San Francisco Bay Area KDE birthday party

Since several KDE folks were in town for the Google Summer of Code Mentor Summit they decided to come visit us as kind of an impromptu KDE 20th birthday party, and to meet KDE's newest/youngest disciple. She might still be a bit young to write code, but we'll see how long it'll take to change that. One of the reasons neither me nor blauzahl have been very active in KDE lately...


More Calligra Active on Android

As I posted the last time I blogged (which I really should do more often), I had some problems with Calligra Active on Android and the number of shared libraries it requires (various versions of android have different, but low, fixed maximums for the number of .so files that can be loaded in a single process). Since then I did several things to resolve that. One option would have been to go the "libkok" route, like we did when we developed/ported calligra/koffice to Maemo and the Nokia N900 and N9.


Calligra Active on Android

As I wrote in my previous blog post, I've been doing work on getting Calligra working on Android. My first attempts of this used Calligra Mobile, our QWidget based mobile UI originally written for the Nokia N900. One big problem with this is that the scrolling speed when running on android was horribly slow. I think I got maybe 1 or 2 frames per second, and that on fairly powerful hardware.


Calligra on Android

As most of you are probably well aware, since quite a while it is not very hard to write Qt applications to run on Android devices. A couple of weeks ago we at KO GmbH decided to look into how hard it would be to get KDE applications to run, and more specifically, if it would be possible to run Calligra with one of its mobile UI's on an android device.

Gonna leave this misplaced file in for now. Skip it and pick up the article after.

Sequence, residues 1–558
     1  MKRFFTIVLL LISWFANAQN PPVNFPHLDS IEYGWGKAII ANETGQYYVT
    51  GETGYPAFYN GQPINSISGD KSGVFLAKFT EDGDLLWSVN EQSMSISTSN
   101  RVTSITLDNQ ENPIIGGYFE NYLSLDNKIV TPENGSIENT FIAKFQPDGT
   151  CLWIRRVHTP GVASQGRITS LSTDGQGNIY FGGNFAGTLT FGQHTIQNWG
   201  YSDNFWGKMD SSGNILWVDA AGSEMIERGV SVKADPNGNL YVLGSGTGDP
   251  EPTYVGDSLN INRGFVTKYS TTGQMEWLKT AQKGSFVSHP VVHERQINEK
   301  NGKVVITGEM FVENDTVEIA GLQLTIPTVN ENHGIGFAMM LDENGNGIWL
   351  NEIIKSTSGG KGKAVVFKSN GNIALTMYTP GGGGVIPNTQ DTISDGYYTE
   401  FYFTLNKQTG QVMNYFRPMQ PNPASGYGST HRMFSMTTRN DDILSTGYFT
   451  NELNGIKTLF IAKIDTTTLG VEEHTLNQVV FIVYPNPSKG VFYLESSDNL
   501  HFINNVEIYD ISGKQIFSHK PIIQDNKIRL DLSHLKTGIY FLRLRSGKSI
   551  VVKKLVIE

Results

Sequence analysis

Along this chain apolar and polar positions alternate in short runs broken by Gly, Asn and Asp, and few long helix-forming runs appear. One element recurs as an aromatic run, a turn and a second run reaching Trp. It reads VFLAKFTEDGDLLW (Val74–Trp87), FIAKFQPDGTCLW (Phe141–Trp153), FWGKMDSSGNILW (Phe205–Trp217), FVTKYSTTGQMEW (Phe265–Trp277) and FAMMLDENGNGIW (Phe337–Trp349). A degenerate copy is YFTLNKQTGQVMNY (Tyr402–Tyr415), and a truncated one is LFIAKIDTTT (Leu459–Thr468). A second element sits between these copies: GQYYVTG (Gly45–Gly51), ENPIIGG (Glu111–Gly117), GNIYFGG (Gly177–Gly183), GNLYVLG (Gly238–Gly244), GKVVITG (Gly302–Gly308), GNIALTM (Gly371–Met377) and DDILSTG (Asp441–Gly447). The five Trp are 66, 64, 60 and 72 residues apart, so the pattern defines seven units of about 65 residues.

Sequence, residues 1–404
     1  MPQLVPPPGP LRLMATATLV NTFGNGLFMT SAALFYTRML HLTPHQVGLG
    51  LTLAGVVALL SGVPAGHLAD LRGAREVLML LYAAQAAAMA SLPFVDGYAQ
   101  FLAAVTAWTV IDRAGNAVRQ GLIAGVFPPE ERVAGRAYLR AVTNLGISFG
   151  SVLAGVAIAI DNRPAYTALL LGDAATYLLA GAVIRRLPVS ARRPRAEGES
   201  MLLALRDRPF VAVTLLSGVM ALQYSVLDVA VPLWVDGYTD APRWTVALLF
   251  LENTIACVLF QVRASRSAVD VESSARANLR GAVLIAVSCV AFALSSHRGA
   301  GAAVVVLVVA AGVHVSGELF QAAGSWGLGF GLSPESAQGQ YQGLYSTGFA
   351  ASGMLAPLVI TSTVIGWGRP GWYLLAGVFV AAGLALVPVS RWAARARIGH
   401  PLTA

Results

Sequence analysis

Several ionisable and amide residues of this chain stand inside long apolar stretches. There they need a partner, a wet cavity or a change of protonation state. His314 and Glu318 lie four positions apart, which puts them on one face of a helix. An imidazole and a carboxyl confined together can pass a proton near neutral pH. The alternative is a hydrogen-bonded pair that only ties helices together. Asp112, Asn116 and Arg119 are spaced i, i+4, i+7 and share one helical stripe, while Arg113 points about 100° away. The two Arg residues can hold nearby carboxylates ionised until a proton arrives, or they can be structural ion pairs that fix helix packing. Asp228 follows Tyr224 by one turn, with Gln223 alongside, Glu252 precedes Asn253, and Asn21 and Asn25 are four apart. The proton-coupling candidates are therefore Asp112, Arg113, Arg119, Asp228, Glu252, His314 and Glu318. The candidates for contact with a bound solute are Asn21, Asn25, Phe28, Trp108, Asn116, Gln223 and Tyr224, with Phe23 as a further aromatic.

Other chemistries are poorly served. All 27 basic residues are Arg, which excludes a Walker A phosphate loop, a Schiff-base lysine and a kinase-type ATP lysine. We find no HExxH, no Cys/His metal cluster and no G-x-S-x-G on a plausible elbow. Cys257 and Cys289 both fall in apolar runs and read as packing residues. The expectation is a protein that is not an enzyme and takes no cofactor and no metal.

Akademy Call for Papers deadline

As you are hopefully already aware, the deadline for this years Akademy Call for Papers is approaching quickly. You have until Friday, 23 April 2010 to get all your proposals for talks, lightning talks, workshops and BoFs in.

So start writing and get all your abstracts/proposals in on time!


Plasma widgets on Maemo5

Yesterday nokia gave away 300 pre-production n900 devices to all attendants of this years Maemo summit in Amsterdam (in the form of a six months loan, after that they'll have to go back to Nokia). I'm also attending, so I also got one. Deciding what the first thing to port to a new device is is always hard, but in the end I figured that something with plasma might be nice.


Photos of the GCDS

After spending an extra week after GCDS hiking around on La Gomera (another one of the Canarian islands), I finally got home and had time to process some of the photos I took during the desktop summit, so you can go ahead and take a look at them in my gcds gallery on my smugmug page (so if anyone needs a smugmug referral code you can also ping me).


KDE 4.2.0 and KOffice 2.0 beta6 packages for Maemo

After quite a while of not doing much maemo related, I finally found the time to build a bit more up-to-date kde packages for maemo. I've now uploaded kdelibs, kdepimlibs and kdebase from KDE 4.2.0 (more modules will follow), and also the just released koffice 2.0beta6 (unfortunately no kspread yet, as I couldn't get it to compile with the old gcc version in scratchbox).

KDE 4.2 Release Party in The Netherlands

It is of course a bit late to announce, but this sunday (february first), there will be a KDE 4.2 release party in The Netherlands. Everyone is welcome to join us at De Commanderie van Sint Jan in Nijmegen, starting from around 14:00.


Having fun with qemu

Until now I've always been using my own built Qt packages when building KDE packages for maemo. Initially because the Qt packages in extras-devel where missing some vital parts for KDE (mainly SSL support I think) but after that because I just had them installed, and it worked. But now I wanted to change this, and use the extras-devel provided Qt, as in theory that shouldn't matter, after all they are build from the same sources, with nearly identical configuration. As it turned out, this was actually quite a bit harder than I thought it would be.